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Tuesday, August 18, 2020

SPFBO Semifinalist Interview with Todd Herzman (Interviewed by Adam Weller)

Author official website
Order A Dark Inheritance over here: UK / USA

Hi Todd! Thanks for taking the time to answer a few questions for us. First, tell us a little bit about yourself!

Thanks for interviewing me!

I’m from Canberra, Australia. I work in legislation publishing by day and write in all the pockets of time I can find around that. I’ve always been a huge fan of SFF. As a kid, it started with Harry Potter, Garth Nix, and Isobelle Carmody and went from there. Video games like Final Fantasy and Guild Wars, plus TV shows like Buffy, Stargate, and Firefly had a huge influence on me as a teen. I fell in love with comics for a few years before going back to fantasy novels in my early twenties. The Riftwar Cycle by Raymond E Feist got me reading again, and I must have read twenty of those before broadening my horizons.

I’ve also had some varied hobbies. I’ve done my fair share of Taekwondo, Muay Thai, parkour, and fire twirling in my teens and early twenties, but these days I spend far more time hunched over a keyboard. Pre-pandemic, my girlfriend and I had started archery (for writing research, of course), but new hobbies are difficult to maintain during quarantine!

Can you tell us about your writing background: when you started, how you got to this point?

I started writing when I was 23 at the end of 2014. My best friend showed me something he’d written, and I had a blast reading it. Before then, authors had been these mythical beings. I had this weird notion that writers were born, not made. But here my friend was, giving it a shot.

The second I got home I opened a google doc and started writing (I still have that first unfinished story somewhere) and never stopped. Two months later, I quit my full-time job (I was a postman, riding around on a little red motorcycle delivering letters) and started a Bachelor of Writing degree. It was actually Brandon Sanderson’s writing lectures available on YouTube that helped inspire me to go to university for writing—along with my best friend’s encouragement—though I can’t say my classes were ever quite as good as Sanderson’s lectures!

I wrote a lot during my degree but had trouble finishing novel-length projects around all my writing for classes. I had a few short stories published in the university’s fiction anthology and ended up working on the editorial committee for a couple of years, finding a joy for editing.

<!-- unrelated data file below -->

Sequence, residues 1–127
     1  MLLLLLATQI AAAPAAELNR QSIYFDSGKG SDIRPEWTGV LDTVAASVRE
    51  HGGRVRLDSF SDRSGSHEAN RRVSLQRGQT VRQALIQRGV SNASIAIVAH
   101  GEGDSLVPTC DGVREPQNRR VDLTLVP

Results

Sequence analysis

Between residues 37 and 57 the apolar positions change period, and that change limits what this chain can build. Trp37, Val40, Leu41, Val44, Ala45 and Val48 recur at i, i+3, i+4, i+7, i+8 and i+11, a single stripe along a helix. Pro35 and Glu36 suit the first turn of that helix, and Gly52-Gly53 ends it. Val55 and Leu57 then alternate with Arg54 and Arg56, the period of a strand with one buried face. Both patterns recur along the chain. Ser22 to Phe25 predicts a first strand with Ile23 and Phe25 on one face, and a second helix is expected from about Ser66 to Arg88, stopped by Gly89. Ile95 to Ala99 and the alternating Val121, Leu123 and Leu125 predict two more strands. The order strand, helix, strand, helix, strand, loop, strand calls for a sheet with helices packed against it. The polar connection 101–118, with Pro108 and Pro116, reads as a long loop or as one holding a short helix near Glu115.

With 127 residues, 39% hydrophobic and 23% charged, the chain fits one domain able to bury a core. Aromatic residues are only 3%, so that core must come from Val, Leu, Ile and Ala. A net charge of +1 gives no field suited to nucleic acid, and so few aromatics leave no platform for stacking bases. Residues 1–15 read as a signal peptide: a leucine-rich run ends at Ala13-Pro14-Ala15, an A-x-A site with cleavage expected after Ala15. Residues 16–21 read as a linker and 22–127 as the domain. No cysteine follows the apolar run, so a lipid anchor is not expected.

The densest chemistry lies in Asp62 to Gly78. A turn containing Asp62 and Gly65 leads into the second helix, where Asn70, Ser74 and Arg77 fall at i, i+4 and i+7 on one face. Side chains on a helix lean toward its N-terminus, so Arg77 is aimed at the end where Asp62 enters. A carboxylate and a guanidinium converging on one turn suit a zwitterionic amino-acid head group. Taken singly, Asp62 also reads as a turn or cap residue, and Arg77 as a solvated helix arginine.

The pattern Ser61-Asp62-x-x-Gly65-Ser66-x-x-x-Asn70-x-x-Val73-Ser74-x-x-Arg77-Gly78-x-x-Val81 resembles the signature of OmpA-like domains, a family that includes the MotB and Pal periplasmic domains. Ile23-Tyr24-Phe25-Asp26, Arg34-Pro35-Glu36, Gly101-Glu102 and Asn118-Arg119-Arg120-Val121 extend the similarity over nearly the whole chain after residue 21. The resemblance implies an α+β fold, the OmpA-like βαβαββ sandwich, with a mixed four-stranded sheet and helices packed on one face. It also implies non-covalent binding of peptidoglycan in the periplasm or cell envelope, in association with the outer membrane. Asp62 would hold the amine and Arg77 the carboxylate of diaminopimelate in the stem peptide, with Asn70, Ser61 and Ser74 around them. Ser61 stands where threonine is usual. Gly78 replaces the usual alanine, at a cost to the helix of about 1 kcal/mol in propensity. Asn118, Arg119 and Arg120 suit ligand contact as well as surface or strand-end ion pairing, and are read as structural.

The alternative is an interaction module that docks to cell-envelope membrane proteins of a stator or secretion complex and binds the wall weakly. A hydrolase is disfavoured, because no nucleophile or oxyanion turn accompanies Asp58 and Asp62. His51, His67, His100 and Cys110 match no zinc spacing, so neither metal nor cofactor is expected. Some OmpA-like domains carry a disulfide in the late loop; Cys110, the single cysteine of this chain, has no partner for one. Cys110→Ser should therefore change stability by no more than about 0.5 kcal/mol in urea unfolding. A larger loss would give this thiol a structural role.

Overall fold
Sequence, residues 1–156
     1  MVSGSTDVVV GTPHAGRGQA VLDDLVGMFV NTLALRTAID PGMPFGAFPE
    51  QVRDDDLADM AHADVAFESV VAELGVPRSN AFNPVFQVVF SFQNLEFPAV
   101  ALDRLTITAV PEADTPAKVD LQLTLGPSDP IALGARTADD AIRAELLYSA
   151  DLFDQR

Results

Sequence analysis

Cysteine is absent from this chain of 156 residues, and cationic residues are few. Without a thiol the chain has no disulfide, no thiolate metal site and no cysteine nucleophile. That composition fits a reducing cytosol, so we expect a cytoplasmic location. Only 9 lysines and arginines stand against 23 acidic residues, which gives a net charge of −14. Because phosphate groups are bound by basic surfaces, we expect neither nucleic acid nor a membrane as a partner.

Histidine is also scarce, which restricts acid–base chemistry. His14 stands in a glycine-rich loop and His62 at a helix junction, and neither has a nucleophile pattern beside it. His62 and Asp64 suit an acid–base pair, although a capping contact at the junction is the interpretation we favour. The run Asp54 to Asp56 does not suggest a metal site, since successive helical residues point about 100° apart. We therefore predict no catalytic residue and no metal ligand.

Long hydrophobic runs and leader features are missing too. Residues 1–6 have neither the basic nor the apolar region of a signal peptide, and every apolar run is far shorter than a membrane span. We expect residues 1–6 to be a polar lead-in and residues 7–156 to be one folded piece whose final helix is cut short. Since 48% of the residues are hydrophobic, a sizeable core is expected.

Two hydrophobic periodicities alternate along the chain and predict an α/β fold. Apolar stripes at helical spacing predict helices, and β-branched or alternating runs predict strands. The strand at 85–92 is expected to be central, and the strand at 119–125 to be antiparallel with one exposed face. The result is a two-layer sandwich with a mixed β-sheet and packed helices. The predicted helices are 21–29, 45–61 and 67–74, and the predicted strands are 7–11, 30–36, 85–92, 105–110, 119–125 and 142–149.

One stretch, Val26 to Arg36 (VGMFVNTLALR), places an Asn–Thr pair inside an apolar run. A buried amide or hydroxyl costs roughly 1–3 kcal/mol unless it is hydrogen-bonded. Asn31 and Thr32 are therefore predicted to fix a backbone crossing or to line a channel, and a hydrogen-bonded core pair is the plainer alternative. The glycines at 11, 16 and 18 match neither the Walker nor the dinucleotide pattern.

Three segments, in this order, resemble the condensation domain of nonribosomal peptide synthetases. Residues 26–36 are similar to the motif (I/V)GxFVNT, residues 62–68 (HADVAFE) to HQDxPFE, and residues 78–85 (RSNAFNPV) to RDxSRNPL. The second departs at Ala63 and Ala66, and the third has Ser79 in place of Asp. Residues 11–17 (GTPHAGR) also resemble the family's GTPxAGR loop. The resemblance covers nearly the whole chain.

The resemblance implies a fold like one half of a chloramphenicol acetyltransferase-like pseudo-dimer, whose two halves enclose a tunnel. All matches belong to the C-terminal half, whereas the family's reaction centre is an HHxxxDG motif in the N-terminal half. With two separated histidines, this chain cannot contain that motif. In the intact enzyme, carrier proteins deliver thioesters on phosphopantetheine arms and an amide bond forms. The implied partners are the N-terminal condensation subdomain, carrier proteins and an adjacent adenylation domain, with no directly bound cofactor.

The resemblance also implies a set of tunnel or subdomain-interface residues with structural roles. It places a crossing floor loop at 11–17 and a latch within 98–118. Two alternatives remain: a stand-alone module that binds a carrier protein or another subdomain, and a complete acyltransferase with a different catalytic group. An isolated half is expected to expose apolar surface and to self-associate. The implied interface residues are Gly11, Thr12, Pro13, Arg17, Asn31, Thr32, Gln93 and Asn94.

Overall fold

A Dark Inheritance isn’t the first novel I’ve written, but it’s the first novel I’ve finished. I started writing it at the end of 2018, waking up early to get some words in before work, then some more on my hour-long lunch break. I think the most important thing to becoming a writer—to getting work finished­—is creating reliable writing habits. Book two is coming along much faster. I started that back in January and have already completed the second draft.

I spent a year listening to podcasts on self-publishing while writing A Dark Inheritance, and it just seemed like the natural way to move forward.

Twenty-three certainly isn’t old, but to not have discovered your love for writing until a few years ago must have been an exciting revelation!

It definitely was. I was honestly somewhat adrift until then. Ever since I began writing, it’s driven me forward. Neil Gaiman talks about his writing goal as a mountain, and every step he took along the way brought him closer to the mountain instead of farther away from it. Now, every decision I make, I ensure it brings me closer to my mountain.

Are there any authors that you’ve tried to model your writing after, or directly influenced your writing style?

I’ve never tried modelling my writing off of anyone else—I think it’s important for an author to develop their own voice—but there is one writing exercise I use when I want to get a feel for a writer’s style. I take a chapter or two of their work and retype it word for word. It helps me decipher why a writer’s writing works, and I believe it helps my own writing develop that much faster as I gain a deeper understanding of effective prose on a line-by-line level. So far, I’ve done this for Patrick Rothfuss, Lois McMaster Bujold, Brandon Sanderson, and Joe Abercrombie. They each have such different styles of writing, and I always feel like I learn something new during this process.

As for writers who have more directly influenced my style, I think Stephen King has a lot to answer for. Our writing styles differ (a lot), but I read On Writing as a new writer, and his emphasis on cutting needless words and his aversion to adverbs and adjectives influenced my writing as it developed. In your SPFBO review of A Dark Inheritance, you mentioned my writing as being lean. That’s something I strive for, so I’m glad it’s showed!

A Dark Inheritance is a book I particularly enjoyed, as you are well aware of. What was the thought process behind planning this story, and was it different from your approach to the rest of your publications?

I’m a discovery writer at heart. Perhaps I can blame Stephen King for that, too, as he talks about being one in On Writing. That’s one of the reasons A Dark Inheritance starts off in a small village, with characters that know little about the world. I learnt about the world, its magic, the different empires and kingdoms, right alongside the characters.

When I begin a story, I usually have certain broad strokes in mind, but these ideas can often change drastically. Originally, I thought the material used to create Starblades was radioactive. I had this whole backstory in mind where the main characters’ father had died of cancer because he worked with starstone—starstone is a metal found in meteorites in my story’s world—for too long. By the time I got to including Starblades in the story, that side effect no longer fit properly, so I had to kill my darling, so to speak.

A Dark Inheritance has three siblings as the perspective characters, Ruben, Ella, and Marius. One thing I did to ensure a consistent structure was restrict myself to alternating through their point of views in a predictable pattern as well as making the chapters similar lengths. Even though I didn’t always know what happened next, I knew I only had so much time to move the story forward before switching to another of the three siblings.